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85 Cards in this Set

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  • Back
What is the IR frequency for C-H?
What is the IR frequency for C-C?
what is the IR frequency for C=C?
What is the IR frequency for C(triple bond)C?
What is the IR frequency aromatic hydrogens?
What is the IR frequency for alcohols (OH bond)?
3100-3500/cm broad
What is the IR frequency for the C--O bond in ethers?
What is the IR frequency for the C--H bond in aldehydes?
What is the IR frequency for C=O?
What is the IR frequency for the N--H bond in amines?
What happens to nuclei when placed in a magnetic field?
their magnetic moments aligh with or against teh direction of the applied field
An alpha state indicates ____ alignment with the field while beta state indicates _____ alignment with the field.
parallel; antiparallel
In the NMR spectrum, frequency (increases/decreases) toward the right and magnetic field (increases/decreases) toward the right.
decreases; increases
When a nucleus is deshielded, what occurs?
An electronegative atom will pull away the electron cloud from the nucleus
What is the NMR shift for:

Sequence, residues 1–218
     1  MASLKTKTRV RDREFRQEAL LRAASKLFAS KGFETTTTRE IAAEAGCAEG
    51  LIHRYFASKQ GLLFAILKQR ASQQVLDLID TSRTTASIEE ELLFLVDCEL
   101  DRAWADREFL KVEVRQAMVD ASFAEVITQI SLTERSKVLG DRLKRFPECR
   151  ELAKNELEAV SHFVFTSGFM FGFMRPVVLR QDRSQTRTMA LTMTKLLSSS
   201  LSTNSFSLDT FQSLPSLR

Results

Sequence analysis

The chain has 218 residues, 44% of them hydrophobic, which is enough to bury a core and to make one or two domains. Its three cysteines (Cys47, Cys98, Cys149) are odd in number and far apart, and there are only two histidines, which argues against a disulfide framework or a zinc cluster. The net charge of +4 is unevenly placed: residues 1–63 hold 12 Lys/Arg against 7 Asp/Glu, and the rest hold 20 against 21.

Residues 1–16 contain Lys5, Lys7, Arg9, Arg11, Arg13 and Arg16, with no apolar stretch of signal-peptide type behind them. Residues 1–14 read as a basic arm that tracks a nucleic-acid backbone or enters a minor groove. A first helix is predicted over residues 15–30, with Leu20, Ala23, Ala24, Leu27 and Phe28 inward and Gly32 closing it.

UV spectroscopy is most useful in studying...
double bonds or hetero atoms with lone pairs
In mass spectroscopy, the cation radical splits up; which shows up on the spectrum?
the cation because it is deflected by the magnetic field
T/F: Carbohydrates are aldehydes/ketones with many hydroxyl groups.
All amino acids in our bodies are (L/R) enantiomers.
All amino acids are chiral except for:
Amino acids have a basic and acidic group and can sometimes form:
T/F: amino acids are amphoteric.
At a high pH, an AA carries an excess ___ charges and at low pH an excess ____ charge.
negative; positive
In titrating an amino acid with a base, which group will be first deprotonated?
carboxyl, then amino group
In order to deprotonate one mole of amino acids, how many moles of base must be used?
2 moles; one to deprotonate the carboxyl and the other to deprotonate the amino group
When is the buffering capacity of an amino acid the greatest?
near Ka1 or Ka2
When is the buffering capacity of an amino acid the lowest?
at the isoelectric point, pI